Today it was reported that Darren Aronofsky finally got 150 million dollars to make an epic movie about the biblical story of the flood and the life of Noah. The artwork he released some time ago for a graphic novel is very striking. Here's a trailer he made for the comic.
His own take on the story may not be filled with the themes found in the Bible. In one interview he states:
“It’s the end of the world and it’s the second most famous ship after the Titanic. So I’m not sure why any studio won’t want to make it,” said Aronofsky. “I think it’s really timely because it’s about environmental apocalypse which is the biggest theme, for me, right now for what’s going on on this planet. So I think it’s got these big, big themes that connect with us. Noah was the first environmentalist. He’s a really interesting character. Hopefully they’ll let me make it"And it shouldn't entirely surprise us, Aronofsky is an atheist. He's also very involved in environmental charity work. Of course, that doesn't stop him from touching on spiritual issues in movies like "The Fountain". However, it is a secular spirituality that according to him is based on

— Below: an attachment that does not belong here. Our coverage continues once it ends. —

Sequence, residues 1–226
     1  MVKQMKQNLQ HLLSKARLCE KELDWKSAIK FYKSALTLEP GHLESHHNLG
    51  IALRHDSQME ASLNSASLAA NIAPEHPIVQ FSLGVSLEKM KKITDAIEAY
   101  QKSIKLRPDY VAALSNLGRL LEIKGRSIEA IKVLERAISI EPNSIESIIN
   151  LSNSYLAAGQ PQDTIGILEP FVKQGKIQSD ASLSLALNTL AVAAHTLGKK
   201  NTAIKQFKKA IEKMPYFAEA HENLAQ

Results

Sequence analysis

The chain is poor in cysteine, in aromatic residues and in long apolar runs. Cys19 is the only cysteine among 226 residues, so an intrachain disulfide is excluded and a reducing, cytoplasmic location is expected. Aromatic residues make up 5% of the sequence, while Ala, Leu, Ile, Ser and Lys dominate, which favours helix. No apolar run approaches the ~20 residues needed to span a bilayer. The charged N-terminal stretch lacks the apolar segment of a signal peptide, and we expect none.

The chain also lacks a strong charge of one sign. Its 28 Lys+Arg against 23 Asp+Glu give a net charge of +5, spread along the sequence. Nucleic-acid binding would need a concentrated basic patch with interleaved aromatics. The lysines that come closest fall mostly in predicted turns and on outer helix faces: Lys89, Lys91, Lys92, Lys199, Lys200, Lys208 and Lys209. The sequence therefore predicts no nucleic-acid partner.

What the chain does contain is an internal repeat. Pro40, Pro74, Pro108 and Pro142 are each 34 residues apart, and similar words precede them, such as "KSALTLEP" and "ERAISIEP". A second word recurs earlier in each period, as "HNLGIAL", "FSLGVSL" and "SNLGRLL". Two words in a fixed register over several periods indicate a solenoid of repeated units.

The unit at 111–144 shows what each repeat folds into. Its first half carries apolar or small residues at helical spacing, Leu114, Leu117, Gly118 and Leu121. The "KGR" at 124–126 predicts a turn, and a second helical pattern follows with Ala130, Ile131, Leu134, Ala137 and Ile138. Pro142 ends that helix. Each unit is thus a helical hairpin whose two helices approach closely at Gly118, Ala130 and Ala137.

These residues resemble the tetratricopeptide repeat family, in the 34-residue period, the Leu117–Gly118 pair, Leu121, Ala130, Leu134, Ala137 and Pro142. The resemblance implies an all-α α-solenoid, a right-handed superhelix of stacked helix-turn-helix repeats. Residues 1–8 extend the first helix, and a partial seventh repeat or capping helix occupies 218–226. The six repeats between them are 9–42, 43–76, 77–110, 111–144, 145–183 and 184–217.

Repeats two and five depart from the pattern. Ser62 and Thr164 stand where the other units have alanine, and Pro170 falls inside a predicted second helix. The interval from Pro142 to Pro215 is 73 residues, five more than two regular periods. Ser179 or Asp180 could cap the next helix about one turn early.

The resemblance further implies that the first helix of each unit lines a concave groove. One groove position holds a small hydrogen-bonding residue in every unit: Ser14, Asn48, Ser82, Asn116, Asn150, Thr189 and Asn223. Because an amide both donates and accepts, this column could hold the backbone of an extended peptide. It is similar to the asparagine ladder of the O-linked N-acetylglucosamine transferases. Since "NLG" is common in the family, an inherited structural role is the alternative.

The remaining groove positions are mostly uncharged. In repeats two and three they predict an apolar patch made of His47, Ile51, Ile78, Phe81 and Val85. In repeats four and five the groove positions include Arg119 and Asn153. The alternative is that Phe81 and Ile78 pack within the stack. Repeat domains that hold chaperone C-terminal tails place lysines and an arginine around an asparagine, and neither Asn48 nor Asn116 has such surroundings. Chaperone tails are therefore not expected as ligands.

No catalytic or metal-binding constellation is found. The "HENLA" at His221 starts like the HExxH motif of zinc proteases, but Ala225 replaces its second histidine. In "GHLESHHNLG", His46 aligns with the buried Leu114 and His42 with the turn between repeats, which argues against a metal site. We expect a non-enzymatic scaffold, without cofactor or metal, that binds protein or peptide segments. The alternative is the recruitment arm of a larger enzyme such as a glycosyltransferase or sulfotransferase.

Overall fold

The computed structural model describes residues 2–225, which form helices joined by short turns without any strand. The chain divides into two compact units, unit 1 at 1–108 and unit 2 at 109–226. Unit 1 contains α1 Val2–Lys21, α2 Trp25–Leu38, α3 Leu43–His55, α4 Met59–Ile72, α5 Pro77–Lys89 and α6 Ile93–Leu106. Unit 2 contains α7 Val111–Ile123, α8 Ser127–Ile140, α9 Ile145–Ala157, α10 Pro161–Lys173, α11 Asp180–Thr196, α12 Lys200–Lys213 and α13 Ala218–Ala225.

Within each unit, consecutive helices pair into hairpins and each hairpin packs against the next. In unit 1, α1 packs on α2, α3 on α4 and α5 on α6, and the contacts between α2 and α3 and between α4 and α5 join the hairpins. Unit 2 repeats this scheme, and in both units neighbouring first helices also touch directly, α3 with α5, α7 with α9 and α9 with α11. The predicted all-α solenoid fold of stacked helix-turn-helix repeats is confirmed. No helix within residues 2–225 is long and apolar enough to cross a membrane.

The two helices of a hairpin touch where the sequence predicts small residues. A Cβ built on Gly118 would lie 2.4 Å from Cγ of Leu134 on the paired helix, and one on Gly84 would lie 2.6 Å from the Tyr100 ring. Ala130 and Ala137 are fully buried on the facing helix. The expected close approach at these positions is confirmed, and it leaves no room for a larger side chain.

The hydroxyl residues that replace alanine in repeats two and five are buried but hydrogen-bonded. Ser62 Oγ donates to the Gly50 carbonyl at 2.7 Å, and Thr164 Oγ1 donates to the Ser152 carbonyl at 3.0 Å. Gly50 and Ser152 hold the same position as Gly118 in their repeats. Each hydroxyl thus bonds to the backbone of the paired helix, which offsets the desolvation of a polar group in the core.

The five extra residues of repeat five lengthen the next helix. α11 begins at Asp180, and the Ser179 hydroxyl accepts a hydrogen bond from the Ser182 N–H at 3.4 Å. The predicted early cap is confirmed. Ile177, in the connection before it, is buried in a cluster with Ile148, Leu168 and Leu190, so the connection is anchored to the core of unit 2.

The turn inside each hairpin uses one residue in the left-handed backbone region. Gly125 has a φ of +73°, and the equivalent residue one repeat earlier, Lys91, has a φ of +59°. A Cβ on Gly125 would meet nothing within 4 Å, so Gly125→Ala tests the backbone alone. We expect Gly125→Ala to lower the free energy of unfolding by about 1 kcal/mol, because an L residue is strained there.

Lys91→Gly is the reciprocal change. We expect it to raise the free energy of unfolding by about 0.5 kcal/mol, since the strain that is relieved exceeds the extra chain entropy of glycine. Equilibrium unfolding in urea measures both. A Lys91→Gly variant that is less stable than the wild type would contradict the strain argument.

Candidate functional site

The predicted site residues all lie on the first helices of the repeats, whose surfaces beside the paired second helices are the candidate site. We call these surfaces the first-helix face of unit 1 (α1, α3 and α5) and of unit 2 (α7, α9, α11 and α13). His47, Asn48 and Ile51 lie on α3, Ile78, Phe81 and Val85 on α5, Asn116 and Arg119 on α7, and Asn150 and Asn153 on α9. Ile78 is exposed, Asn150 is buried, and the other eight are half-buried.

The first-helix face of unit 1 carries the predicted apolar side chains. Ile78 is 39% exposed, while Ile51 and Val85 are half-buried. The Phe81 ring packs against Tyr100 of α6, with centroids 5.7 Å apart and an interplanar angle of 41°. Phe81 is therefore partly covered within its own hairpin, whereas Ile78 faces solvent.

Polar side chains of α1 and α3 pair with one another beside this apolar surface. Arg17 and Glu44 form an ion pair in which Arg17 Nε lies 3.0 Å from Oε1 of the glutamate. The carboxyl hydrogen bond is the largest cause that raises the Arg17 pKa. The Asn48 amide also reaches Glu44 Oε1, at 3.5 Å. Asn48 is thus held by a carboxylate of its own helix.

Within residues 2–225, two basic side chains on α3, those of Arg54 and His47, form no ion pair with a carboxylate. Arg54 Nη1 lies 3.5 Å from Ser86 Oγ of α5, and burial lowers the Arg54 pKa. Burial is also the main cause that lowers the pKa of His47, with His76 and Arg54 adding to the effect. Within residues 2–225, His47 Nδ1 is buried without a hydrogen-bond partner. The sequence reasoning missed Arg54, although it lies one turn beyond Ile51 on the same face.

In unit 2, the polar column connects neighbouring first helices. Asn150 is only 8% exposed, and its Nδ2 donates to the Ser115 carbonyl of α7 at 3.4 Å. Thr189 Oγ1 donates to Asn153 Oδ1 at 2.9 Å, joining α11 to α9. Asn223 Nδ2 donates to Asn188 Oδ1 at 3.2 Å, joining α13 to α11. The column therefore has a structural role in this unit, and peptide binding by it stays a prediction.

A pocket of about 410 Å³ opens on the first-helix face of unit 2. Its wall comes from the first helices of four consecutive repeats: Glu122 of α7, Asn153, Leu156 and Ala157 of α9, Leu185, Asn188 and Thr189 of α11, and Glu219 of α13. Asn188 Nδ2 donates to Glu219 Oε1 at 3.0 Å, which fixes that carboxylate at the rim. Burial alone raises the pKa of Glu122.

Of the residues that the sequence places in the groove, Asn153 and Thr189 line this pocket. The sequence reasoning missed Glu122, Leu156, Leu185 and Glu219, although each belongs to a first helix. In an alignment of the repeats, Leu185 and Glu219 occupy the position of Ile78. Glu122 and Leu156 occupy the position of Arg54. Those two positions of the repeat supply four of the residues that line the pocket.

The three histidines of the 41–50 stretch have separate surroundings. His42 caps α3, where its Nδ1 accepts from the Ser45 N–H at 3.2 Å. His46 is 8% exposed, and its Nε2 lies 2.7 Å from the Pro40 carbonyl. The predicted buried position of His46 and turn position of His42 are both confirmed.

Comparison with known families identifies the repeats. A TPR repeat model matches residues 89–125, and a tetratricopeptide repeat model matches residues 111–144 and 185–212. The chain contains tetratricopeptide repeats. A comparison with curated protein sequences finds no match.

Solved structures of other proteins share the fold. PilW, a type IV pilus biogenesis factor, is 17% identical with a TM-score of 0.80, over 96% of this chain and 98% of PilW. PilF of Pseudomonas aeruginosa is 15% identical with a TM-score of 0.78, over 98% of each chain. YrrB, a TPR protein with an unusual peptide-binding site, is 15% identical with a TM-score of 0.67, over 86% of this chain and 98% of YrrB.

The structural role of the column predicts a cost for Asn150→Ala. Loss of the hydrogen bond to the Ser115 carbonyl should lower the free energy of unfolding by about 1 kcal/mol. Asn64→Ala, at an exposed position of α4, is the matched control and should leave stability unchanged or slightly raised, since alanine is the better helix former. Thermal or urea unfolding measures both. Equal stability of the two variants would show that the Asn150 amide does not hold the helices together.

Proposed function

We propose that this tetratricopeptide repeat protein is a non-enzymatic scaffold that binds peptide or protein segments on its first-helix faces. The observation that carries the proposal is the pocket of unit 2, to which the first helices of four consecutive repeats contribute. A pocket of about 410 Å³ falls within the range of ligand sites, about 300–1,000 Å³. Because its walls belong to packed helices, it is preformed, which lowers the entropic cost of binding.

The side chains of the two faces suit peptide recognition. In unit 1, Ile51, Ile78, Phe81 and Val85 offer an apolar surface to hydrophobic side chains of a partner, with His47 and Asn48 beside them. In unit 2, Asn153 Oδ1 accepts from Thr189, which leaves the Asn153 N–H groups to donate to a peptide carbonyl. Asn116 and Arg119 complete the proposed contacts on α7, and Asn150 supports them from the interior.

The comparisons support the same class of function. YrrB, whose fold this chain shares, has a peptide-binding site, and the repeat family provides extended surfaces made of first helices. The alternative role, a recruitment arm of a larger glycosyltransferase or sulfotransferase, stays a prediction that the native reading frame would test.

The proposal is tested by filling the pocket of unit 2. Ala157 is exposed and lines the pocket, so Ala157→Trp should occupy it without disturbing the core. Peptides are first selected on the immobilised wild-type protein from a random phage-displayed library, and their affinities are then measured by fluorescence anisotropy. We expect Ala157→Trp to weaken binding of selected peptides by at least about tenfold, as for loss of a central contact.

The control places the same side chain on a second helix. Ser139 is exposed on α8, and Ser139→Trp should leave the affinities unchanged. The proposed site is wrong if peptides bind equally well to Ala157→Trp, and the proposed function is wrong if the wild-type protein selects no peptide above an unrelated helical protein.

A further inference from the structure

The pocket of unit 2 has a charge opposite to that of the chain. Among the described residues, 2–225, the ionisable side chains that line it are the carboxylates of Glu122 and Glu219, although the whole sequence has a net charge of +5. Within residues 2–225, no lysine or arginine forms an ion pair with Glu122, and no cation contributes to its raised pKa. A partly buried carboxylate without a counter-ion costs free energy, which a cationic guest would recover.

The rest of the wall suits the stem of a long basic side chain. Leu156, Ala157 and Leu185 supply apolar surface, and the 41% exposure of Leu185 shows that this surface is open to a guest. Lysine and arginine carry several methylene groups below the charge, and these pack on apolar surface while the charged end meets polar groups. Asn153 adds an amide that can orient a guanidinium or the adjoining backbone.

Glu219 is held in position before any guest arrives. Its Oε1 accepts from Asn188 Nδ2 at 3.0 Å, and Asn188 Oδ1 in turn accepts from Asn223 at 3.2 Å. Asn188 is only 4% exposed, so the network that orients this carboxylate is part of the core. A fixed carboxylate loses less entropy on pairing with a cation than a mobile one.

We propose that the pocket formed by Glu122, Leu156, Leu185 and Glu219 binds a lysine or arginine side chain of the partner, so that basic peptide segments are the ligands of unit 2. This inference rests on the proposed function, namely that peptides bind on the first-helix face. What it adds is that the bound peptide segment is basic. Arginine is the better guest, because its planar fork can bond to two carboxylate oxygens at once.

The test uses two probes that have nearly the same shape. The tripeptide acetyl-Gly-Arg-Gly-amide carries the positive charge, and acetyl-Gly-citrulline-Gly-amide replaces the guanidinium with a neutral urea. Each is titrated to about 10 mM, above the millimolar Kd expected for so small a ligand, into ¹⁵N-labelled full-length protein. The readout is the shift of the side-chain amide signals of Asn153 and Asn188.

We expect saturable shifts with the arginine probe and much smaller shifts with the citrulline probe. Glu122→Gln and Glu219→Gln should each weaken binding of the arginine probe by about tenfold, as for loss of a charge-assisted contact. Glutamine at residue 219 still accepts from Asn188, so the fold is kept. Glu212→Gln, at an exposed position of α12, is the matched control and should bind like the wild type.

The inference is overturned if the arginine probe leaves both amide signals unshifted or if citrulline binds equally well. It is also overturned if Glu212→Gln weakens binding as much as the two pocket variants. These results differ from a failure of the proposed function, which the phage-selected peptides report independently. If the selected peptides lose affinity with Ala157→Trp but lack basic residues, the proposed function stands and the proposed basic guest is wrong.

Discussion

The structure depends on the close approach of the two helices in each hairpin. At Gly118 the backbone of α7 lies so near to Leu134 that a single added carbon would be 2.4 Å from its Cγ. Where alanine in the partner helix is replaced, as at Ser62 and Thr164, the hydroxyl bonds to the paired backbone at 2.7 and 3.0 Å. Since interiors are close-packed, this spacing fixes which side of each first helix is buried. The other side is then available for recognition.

"We’re all just borrowing this matter and energy for a little bit, while we’re here, until it goes back into everything else, and that connects us all. The cynics out there laugh at this crap, but it’s true....To me, that’s where the spirituality is. Whatever you want to call that connection -- some people would use that term God. That, to me, is what I think is holy."Should we worry? Well he says that it "[i]sn't a very religious story". Of course a quick look at the Biblical text shows that this isn't so. He can anachronistically read environmental ruin into the story, but that ruin came about because of God. Its human sin that brings about God's wrath. But his grace towards Noah is what ultimately saves mankind. Sin, mercy, and redemption, are all biblical themes that can make for great story telling. But a post-modern twist to the story leaves us only with a Noah who has only himself to survive. It tells us that mankind hasn't really learned anything (if we're still facing the same problems Noah did) and doesn't give us much reason to hope. But if we live in an endless cycle of matter and energy that eventually goes back to everything else, why should anyone care? But if one day we have a God who once destroyed humanity, and promises to do it again, then caring for his creation makes much more sense.